John Wick: Chapter 3 – Parabellum (2019)

Rating: B+

Dir: Chad Stahelski
Star: Keanu Reeves, Halle Berry, Mark Dacascos, Ian McShane

After an underwhelming Part 2, the makers add another extra clause to the title for #3, and that seems to have done the trick (unlike for Lara Croft: Tomb Raider – The Cradle of Life). Still not sure about the point of tacking on “Parabellum”, which means “prepare for war” in Latin. Guess it helps distinguish this from all the other “John Wick: Chapter 2” films going around.

Titular snark aside, this is a considerable improvement on its predecessor, right out of the gate. Once more, it follows immediately on from the previous part, here with John Wick (Reeves) have been declared persona non grata and a $14 million bounty placed on his head. This opens in an excellent, lengthy chase/fight sequence through the streets with, it seems, everyone after Wick. Not, of course, that this constitutes more than a slight inconvenience to him, even if it may be the first use of a horse as an offensive weapon in a hand-to-hand brawl.

Keanu is eventually able to escape to Morocco, with the help of a slumming Vanessa Redgrave, where he aims to make his case to the Elder, the only person who can cancel the bounty. There, John meets an old friend, Sofia (Berry), in charge of the assassins’ Continental Hotel in Casablanca. After literally wandering through the desert, Wick gets his pardon – but only if he returns to New York and kills Winston (McShane), who runs the Continental there. You’d think everyone would have learned by now, that John Wick will not kill people just because you order him. Inevitably, he refuses, setting up a confrontation with the High Table’s enforcer Zero (Dacascos), his minions, and a metric fuckwad of plate glass (as shown, top).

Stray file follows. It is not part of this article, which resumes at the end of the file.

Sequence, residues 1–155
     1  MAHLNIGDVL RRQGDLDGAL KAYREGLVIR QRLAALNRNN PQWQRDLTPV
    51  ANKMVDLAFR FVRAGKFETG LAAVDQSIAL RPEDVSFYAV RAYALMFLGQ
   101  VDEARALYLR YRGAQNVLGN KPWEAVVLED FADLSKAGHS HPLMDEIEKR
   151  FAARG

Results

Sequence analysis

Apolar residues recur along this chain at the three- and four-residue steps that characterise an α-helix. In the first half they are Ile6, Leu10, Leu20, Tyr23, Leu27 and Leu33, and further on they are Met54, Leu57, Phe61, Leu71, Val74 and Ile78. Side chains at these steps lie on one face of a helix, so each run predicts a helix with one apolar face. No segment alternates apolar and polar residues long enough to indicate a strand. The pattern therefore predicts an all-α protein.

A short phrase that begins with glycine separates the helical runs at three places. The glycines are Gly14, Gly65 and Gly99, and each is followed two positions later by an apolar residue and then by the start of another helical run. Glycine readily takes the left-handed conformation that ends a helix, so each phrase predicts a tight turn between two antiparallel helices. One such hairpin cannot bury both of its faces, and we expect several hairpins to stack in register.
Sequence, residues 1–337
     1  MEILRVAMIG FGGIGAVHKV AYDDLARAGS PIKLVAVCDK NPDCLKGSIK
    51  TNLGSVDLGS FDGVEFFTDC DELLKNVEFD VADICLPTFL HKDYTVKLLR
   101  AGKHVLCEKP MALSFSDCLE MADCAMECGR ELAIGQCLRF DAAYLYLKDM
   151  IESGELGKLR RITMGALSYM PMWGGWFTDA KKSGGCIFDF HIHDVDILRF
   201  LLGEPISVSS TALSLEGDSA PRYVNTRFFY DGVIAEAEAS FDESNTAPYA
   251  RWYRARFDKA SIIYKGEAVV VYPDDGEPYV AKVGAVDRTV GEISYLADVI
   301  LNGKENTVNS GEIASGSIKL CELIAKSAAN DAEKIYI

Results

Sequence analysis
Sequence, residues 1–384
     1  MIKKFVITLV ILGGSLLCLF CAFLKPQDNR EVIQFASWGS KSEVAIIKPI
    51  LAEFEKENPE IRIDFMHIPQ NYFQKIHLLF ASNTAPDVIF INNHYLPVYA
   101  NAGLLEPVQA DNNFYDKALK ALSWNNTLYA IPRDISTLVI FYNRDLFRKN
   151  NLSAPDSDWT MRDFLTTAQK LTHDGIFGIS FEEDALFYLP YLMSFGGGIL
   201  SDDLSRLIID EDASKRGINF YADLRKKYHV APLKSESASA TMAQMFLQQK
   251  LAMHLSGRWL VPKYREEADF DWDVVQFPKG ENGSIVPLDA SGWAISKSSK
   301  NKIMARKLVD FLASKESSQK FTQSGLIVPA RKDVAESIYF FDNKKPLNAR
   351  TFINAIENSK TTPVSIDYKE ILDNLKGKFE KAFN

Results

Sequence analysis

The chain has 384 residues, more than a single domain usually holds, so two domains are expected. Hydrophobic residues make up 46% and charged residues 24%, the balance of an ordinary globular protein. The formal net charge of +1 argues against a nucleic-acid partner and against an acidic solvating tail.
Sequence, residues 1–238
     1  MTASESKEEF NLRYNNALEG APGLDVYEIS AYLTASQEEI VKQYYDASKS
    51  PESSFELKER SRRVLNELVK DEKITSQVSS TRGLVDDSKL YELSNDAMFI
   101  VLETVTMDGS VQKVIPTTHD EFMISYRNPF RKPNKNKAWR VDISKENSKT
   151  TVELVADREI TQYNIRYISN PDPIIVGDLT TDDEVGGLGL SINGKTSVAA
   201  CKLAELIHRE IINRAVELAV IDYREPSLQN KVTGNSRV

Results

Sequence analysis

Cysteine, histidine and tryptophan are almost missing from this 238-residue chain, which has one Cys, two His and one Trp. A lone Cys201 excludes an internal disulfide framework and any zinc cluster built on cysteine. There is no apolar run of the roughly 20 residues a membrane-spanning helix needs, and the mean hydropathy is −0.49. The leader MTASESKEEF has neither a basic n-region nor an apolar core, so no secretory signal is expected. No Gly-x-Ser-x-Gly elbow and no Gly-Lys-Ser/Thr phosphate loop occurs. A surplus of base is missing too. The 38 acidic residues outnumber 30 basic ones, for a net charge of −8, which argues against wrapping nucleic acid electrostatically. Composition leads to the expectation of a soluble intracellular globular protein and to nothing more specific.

The presence of Dacascos should clue you in that that focus of this one is back from gunplay to martial arts, and is all the better for it. He and Reeves are older than I am (both 1964 babies, to be precise), but you’d not guess, based on the way they brawl their way through this. It just took Dacascos a lot longer to reach international stardom: I remember watching him in thoroughly entertaining B-movies like Drive, more than twenty years ago, but he never seemed to get the break-out role he deserved. Here, Zero is exactly the kind of foil John Wick needs, and which was badly missing from the second installment.

This is a glorious spectacle of carnage, perhaps climaxing in the Casablancan battle, where John and Sofia have to fight their way out after an unfortunate incident involving one of Sofia’s dogs. [It’s okay: it was wearing a bulletproof jacket, I kid you not…] This is a near-perfect action set-piece, not least for the impressive display of canine-fu, proving that doggie vengeance is best served with a cold nose. I suspect Stahelski could probably make an entire film based entirely around animals kicking human ass. This isn’t to say the rest is no good, though I did find that whole “wandering round the desert” thing, rather overdone. It still counts as among the best of Hollywood action this decade.